No matter how much you plan, sometimes things go against you. For the outdoor photographer, this is usually the weather. Stormy weather can be very photogenic, but what if you have arrived at your location, the place is beautiful, the composition is perfect, but the weather is that awful dull, flat overcast that gives nothing to photograph? With programs such as Photoshop, Lightroom, and Aperture, all is not lost.
Using a few fairly simple techniques, adding life to a flat image is possible. We can add contrast and color to a dull image. In this tutorial we are going to take a look at how to do this in Lightroom, but the techniques are broadly similar for other editing programs too. One thing to note; you cannot make a poorly composed image good in post production. Choose an image that has good composition and good potential to be improved.
For the tutorial, we are using an image taken in an old courtyard in Odessa, Ukraine. The image has potential, but because of the low, overcast light, it is flat and lacking in color. The aim is to brighten up the shot and punch out the colors of autumn. Ready?
With the image selected in the Lightroom Library module, select the Develop module at the top right of the screen.
Adding Contrast via Curves:
Our first adjustment will use the Tone Curve tool in combination with the histogram. We use the histogram to make sure we keep our shot within tolerance and that we don’t add noise or blow the highlights. By clicking on the two triangles at either end of the histogram, we can see where the highlights and shadows are clipping.
The first thing we adjust is the shadow detail on the Tone Curve, moving the slider to the right very slightly to lighten up the image a touch. Next, we move the highlights slider to the left to pull back the highlights. The direction you move the sliders depends entirely on your image. In some cases, you may need to boost highlights or shadows, but for this image we need to pull them back so that we have no clipping.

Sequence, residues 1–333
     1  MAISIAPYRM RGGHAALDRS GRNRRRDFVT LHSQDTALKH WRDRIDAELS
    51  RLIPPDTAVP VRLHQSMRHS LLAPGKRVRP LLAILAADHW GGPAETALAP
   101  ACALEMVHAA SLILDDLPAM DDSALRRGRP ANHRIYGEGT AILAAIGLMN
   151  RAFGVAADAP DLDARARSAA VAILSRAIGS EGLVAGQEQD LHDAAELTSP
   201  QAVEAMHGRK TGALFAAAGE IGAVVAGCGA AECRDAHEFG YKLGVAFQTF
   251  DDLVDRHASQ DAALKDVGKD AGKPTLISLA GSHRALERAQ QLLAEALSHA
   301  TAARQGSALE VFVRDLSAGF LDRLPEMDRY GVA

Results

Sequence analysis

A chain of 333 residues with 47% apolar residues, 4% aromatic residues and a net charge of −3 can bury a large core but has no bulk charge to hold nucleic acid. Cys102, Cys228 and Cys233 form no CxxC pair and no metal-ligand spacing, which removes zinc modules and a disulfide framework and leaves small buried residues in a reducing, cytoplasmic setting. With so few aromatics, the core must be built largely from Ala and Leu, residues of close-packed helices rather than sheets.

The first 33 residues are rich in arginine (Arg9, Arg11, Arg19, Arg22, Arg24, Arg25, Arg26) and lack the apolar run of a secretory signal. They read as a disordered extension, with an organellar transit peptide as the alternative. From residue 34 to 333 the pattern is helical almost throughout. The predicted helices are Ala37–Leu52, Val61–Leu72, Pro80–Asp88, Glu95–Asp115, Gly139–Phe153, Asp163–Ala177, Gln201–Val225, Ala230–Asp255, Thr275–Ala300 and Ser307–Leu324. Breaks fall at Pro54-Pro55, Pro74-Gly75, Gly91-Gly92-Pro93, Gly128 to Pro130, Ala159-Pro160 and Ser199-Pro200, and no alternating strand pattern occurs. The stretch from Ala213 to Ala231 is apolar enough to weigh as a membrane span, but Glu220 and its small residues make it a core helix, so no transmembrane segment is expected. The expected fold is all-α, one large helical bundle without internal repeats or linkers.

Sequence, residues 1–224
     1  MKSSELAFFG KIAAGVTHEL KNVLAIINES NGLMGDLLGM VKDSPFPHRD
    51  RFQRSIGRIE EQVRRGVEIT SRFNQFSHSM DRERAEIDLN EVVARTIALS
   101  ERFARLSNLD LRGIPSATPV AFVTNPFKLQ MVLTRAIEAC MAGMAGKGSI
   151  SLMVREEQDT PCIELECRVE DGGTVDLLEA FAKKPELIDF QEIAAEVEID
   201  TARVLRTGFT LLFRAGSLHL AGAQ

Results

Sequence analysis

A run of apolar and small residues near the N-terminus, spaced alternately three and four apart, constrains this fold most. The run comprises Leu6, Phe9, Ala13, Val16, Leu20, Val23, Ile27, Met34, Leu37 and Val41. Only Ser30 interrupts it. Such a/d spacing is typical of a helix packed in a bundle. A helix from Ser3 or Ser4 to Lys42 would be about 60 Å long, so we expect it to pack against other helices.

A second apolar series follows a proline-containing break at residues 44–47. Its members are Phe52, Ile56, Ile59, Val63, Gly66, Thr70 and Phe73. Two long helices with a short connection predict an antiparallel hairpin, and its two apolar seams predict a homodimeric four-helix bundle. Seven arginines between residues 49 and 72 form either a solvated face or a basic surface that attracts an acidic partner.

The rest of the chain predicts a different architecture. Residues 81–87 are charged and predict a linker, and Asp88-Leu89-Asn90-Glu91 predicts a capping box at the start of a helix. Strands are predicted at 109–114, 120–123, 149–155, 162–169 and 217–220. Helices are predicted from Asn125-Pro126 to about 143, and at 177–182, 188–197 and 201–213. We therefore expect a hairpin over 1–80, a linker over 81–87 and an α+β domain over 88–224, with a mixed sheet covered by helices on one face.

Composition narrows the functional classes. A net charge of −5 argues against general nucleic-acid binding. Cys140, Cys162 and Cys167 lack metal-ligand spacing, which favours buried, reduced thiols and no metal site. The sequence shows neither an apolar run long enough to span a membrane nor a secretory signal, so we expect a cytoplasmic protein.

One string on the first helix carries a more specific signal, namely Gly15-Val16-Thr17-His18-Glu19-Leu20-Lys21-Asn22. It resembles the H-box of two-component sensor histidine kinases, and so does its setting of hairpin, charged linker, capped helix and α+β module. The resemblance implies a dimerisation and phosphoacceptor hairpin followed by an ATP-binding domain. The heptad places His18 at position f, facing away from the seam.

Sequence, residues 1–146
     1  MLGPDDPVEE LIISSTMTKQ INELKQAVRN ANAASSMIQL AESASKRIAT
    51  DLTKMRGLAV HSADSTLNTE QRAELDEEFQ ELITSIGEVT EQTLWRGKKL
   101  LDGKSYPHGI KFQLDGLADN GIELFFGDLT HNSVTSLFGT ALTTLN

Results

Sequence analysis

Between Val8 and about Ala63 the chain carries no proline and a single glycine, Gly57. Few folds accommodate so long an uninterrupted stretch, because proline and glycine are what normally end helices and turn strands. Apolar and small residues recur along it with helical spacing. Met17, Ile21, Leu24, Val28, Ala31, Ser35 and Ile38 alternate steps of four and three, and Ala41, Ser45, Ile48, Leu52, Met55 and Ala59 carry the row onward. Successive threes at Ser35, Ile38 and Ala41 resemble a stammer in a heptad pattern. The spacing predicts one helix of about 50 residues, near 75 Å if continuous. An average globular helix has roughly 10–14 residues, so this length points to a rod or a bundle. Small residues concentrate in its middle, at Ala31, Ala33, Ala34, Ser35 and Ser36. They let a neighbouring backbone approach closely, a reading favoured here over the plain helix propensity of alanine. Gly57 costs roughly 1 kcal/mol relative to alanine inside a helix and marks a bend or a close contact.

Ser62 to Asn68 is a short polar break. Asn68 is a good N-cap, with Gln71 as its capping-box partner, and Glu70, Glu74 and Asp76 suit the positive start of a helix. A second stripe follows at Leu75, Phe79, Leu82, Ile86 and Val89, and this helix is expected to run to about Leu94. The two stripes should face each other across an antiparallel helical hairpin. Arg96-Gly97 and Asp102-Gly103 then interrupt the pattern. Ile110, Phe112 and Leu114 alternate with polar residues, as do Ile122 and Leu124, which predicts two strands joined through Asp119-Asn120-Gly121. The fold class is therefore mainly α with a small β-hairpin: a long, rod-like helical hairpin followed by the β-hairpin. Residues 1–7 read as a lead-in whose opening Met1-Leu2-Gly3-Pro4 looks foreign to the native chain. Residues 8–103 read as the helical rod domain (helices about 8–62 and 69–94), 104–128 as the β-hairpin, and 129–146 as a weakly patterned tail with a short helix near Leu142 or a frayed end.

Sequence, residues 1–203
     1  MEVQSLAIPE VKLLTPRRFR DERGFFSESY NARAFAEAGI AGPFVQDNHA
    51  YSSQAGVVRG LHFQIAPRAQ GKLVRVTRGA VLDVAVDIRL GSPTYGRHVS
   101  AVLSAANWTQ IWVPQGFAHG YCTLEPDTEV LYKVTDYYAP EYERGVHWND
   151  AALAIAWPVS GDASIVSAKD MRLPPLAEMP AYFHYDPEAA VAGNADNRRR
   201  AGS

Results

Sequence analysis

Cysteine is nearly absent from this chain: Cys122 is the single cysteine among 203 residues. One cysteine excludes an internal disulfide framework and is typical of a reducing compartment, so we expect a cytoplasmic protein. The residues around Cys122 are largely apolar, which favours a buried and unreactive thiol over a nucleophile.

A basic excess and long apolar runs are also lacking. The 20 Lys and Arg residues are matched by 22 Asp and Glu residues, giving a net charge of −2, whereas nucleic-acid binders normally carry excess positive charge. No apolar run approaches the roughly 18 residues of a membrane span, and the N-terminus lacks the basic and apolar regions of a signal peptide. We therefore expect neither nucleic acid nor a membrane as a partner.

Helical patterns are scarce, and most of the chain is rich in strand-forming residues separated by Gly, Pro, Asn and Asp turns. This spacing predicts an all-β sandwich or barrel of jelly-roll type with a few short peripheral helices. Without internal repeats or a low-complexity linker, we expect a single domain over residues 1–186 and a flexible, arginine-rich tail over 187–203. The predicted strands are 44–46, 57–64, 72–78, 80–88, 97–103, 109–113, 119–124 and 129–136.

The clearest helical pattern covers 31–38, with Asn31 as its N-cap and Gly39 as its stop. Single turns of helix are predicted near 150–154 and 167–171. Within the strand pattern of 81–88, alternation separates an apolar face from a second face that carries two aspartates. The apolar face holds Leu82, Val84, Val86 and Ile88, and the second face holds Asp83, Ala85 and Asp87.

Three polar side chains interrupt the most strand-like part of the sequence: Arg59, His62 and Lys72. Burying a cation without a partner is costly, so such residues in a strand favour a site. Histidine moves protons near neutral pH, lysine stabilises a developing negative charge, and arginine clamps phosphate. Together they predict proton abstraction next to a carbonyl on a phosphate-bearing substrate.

The next thing we will do is to use the lights and darks sliders to add some contrast to the image, again being careful with clipping (although in this case, in order to get good contrast, we are going to accept some highlight clipping on the building in the background). To get a finer result, we can also manually manipulate the Tone Curve. The left side if the histogram is the darker end of the image, and the right side is the highlight end. Dragging the curve up lightens that particular tonal range; dragging it down darkens it.
Once we are happy with the overall exposure and contrast, the next thing we are going to do is adjust the white balance.
Using the Tone Curves to boost contrast
The Tone Curve
Correcting the color:
Because this image was taken in autumn, we want it to have a warm autumnal feel to it. Having shot the original in RAW, I am free to adjust the color temperature to suit my needs. In this case I will simply move the color temperature slider from its “as-shot” setting of 5300K to a little over 7000K. This gives the image a nice warm, yellow feel without it looking like a color cast.
Changing the white balance to 7000k
Next, for this image I want to add some saturation, but just to the fallen leaves on the ground. Using the Radial Filter tool, we can define the region that we wish to work on (in this case, the leaves to the left of the car). Select the invert button at the bottom of the filter dialogue and then increase the saturation to add color to the leaves. In order to saturate the leaves under the car, we duplicate the filter by right-clicking on the center point and selecting Duplicate. We can then drag the new filter into place and modify its shape.
Selective saturation using the radial filter
The Final touches:
Because the main composition is fairly central in the image and the outer edges of the scene are a little distracting, the next thing to do is add a subtle vignette to draw our eye to the old car and leaves. Scroll down the Develop Tools, and under the effects tab you will see Post Production Vignette. Moving the slider to the left will apply a dark vignette to the outer areas of the image. You can further refine the look using the other Vignette sliders. Lastly, if needed, we can add a little sharpening from the Detail tab. Be careful not to over sharpen as you will introduce artifacts into the image.
Adding a vignette
So there you have it – a fairly dull, lifeless image, transformed into something altogether more interesting and colorful. As we said at the top, always try to choose an image that has some compositional merit. Trying to liven up a poor image is just a waste of time. However, as you have seen, with a few simple but effective techniques you can take many of your older, forgotten images and give them a new lease on life.
The final image